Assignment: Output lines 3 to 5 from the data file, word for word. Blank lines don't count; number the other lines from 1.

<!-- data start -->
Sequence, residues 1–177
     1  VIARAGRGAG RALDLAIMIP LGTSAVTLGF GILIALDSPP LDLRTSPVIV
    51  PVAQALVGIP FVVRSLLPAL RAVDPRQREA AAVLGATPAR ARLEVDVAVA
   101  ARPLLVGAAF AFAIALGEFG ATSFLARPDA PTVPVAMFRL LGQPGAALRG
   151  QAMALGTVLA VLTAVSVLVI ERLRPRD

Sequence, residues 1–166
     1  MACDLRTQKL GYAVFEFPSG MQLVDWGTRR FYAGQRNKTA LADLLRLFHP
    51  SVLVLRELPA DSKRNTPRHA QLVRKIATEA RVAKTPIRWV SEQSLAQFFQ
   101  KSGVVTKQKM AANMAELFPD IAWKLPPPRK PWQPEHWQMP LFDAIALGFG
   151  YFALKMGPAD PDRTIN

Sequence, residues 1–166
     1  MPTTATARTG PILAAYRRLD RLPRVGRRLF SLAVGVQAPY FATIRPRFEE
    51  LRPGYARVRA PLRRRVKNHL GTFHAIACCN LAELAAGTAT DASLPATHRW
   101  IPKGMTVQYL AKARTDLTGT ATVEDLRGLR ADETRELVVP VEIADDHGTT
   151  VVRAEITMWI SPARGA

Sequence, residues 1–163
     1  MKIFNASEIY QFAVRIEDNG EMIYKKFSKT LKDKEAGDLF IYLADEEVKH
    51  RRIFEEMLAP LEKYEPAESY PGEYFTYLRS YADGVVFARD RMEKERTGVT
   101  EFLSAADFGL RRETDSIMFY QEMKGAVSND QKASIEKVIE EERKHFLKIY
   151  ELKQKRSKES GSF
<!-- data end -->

    51  PVAQALVGIP FVVRSLLPAL RAVDPRQREA AAVLGATPAR ARLEVDVAVA
   101  ARPLLVGAAF AFAIALGEFG ATSFLARPDA PTVPVAMFRL LGQPGAALRG
   151  QAMALGTVLA VLTAVSVLVI ERLRPRD